More than 8,400 species of wild animals and plants are critically endangered, while close to 30,000 more are endangered or vulnerable. This means big trouble worldwide, with so many species potentially threatened with extinction. World Wildlife Day 2022 is focused on recovering key species for ecosystem restoration. To reverse the fate of the most critically endangered species, supporting the restoration of their habitats and ecosystems is crucial.
Learn more about some of the most critically endangered species in B.C., and spread the word.
Purple martins are the largest swallow in North America. They are commonly known for their unique colouring, agility and speed – topping 40 miles per hour! Due to habitat loss, development and competition, the western purple martin population in B.C. was down to only 10 breeding pairs by the 1980s. Thanks to an amazing volunteer nestbox program, the purple martin population has gradually increased to roughly 1,200 pairs. They’re not out of the woods yet, but this remarkable recovery is thanks to the efforts of many collaborators, funders and volunteers.
Although a less common visitor, Wild ARC usually expects to care for a few purple martins each year. Patients like this purple martin remind us what is at stake.
Vancouver Island marmot
The Vancouver Island marmot is found in only a few small mountainous pockets on Vancouver Island. They’re one of only a few mammals to occur in Canada and nowhere else. Vancouver Island marmots have dark, chocolate-brown fur, with white noses, bellies and foreheads. They hibernate in family groups over the long winter, and are active only a few hours a day – lounging on rocks and watching for predators. If you’re lucky enough to spot them, you can expect to enjoy watching them touch noses in greeting, play fight or hear any of their five distinct whistles or trills.
Although resilient, these marmots are critically endangered – with fewer than 30 in the wild in 2004. Their decline is still a mystery, but is suggested to be due to a change in predator-prey dynamics because of ongoing landscape changes. Thanks to significant conservation recovery efforts, their population has increased to over 200 individuals in 2019.
The northern spotted owl is one of Canada’s most endangered species – fewer than a dozen individuals still live in B.C. These medium-sized owls rely on old-growth forests to roost, nest and hunt. Unfortunately, spotted owls and old-growth forests are both in trouble. Their decline is due to habitat loss from ongoing logging and human disturbances.
Spotted owls are frequently confused with barred owls – a much more abundant close relative. Barred owls have grey plumage, with vertical brown streaks on their chest, and no spots. Spotted owls are more brown, with white oval spots on their body feathers and horizontal white bars on their chest. Barred owls are often blamed for the decline of spotted owls because they can live in both deciduous and coniferous forest. However, habitat loss is the biggest threat to spotted owls.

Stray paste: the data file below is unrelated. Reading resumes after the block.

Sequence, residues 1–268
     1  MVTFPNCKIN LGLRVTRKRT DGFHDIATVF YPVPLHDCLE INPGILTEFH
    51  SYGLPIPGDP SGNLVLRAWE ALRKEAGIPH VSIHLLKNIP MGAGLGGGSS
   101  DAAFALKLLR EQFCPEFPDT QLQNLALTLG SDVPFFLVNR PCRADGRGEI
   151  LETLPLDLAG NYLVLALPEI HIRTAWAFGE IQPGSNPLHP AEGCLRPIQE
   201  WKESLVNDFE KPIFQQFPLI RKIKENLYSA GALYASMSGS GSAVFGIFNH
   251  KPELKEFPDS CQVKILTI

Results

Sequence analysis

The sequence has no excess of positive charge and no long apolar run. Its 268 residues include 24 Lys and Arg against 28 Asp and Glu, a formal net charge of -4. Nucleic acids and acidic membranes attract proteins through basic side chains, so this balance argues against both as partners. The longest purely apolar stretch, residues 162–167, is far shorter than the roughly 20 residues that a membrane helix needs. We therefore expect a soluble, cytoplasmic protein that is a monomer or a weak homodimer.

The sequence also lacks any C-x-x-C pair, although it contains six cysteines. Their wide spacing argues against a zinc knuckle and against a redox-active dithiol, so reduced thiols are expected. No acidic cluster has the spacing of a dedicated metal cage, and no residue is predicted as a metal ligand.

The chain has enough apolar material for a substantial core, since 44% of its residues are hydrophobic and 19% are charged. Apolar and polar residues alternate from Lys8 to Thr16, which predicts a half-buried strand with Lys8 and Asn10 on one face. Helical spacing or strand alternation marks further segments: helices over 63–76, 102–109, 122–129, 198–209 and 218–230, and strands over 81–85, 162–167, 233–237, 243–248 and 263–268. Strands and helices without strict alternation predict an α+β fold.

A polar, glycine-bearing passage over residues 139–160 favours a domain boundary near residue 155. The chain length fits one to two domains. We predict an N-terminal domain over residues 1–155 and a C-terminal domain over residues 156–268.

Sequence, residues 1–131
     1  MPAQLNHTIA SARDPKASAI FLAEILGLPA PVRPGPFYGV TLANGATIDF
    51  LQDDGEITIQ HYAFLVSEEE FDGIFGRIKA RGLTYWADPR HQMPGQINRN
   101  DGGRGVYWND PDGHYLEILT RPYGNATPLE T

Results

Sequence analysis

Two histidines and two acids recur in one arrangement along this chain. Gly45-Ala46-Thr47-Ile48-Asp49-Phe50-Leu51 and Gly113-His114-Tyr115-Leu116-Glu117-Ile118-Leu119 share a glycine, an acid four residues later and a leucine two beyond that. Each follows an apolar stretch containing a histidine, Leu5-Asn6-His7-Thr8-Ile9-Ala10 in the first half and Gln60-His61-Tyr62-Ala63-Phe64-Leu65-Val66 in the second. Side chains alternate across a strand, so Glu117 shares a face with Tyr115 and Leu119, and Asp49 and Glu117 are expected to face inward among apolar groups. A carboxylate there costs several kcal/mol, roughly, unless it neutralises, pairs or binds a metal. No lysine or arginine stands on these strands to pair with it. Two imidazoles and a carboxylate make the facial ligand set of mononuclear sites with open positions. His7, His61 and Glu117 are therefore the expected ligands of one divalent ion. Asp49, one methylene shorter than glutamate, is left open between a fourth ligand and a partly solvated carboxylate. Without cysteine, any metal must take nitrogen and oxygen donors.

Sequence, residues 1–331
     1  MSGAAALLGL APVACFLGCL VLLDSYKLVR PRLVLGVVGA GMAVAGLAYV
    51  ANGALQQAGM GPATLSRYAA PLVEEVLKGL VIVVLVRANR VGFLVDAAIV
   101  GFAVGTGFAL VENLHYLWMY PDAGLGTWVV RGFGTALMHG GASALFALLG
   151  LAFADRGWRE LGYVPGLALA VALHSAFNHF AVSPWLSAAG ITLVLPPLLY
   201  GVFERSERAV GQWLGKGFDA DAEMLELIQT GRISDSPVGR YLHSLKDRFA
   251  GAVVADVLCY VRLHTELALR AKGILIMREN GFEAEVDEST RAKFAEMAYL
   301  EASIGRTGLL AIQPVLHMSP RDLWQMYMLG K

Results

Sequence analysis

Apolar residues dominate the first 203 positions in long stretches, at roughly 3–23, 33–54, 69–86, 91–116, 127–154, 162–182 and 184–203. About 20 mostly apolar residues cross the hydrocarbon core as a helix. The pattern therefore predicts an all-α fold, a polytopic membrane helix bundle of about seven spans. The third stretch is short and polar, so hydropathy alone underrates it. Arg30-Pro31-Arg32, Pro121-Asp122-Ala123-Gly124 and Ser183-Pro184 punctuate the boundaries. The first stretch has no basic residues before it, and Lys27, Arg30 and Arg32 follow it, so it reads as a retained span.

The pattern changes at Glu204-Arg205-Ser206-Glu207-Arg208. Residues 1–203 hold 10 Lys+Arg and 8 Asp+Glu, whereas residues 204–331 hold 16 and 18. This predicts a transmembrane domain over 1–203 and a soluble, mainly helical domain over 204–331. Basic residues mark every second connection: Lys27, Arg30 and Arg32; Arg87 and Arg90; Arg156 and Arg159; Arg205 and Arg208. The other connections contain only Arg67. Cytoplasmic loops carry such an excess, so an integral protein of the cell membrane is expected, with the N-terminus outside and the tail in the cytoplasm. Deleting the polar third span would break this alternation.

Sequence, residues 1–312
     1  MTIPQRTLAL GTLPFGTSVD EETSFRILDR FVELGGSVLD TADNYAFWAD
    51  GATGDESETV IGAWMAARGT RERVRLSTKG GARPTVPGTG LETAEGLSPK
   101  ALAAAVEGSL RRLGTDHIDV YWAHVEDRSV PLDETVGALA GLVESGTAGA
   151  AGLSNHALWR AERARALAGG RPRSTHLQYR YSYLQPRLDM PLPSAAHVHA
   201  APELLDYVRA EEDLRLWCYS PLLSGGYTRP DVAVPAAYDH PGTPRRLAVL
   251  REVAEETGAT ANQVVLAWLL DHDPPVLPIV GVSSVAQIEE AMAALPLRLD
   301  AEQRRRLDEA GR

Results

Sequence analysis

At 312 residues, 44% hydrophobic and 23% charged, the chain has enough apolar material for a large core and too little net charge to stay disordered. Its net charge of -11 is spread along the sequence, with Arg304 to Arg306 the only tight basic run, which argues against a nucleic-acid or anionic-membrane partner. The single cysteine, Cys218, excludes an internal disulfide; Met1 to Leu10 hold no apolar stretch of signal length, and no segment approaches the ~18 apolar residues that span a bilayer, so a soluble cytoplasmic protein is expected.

Woodland caribou are an iconic species in the mountainous forests of B.C. They graze mainly on lichen – a slow-growing plant – found in old-growth forests. Their survival is intimately linked to the survival of old-growth habitat, but this is at risk due to logging and other human activities like mining, oil and gas, renewable energy and road building. Human disturbances cause them to leave their preferred habitat, and move in to less desirable areas.
Wolves are also blamed for the decline of caribou because roads and seismic lines for oil and gas make it easier for them to move through caribou habitat. However, it is possible to modify these disturbances to reduce encounters between caribou and wolves, without killing wolves. Damage and disruption to habitat is the key factor in caribou decline.
Little brown bats
The little brown bat is one of the most familiar species of bats in B.C., and the most common…for now. They are still considered endangered because a fungal disease called White-Nose Syndrome is devastating bat populations across North America. The fungus grows on the nose and bodies of infected bats during hibernation. The fungus causes them to wake during their hibernation, using valuable energy at a time they should be conserving it. Sadly, bats usually die of starvation after they are infected.
White-Nose Syndrome has not been observed in B.C. yet, but it was reported as close as Washington State in 2016. Scientists are racing to find a cure or preventative treatment before these animals are all lost. Losing an animal that can eat over 1,000 insects an hour means big trouble for us – bats are important pollinators and natural pest control agents in agriculture.
Wild ARC regularly treats a handful of these patients each year. They come into care for all sorts of reasons – in summer when they are caught by a cat, hit by a car, or trapped where they can’t escape, and in winter if their hibernation is disturbed by construction or other human interference.
Today, on World Wildlife Day, let’s remember that we all have a shared responsibility to co-exist with and ensure the welfare of wild animals. Wildlife rehabilitation contributes to the conservation and protection of these and other wild animals every day. Wild ARC is the only wild animal rehabilitation centre of its kind on southern Vancouver Island and we’re here to help our local wildlife when they run into trouble. We depend on the support of compassionate animal-lovers like you to care for so many injured, orphaned or sick wild animals. Your support today is vital to ensure wild animals receive the specialized care they need for a second chance a life in the wild.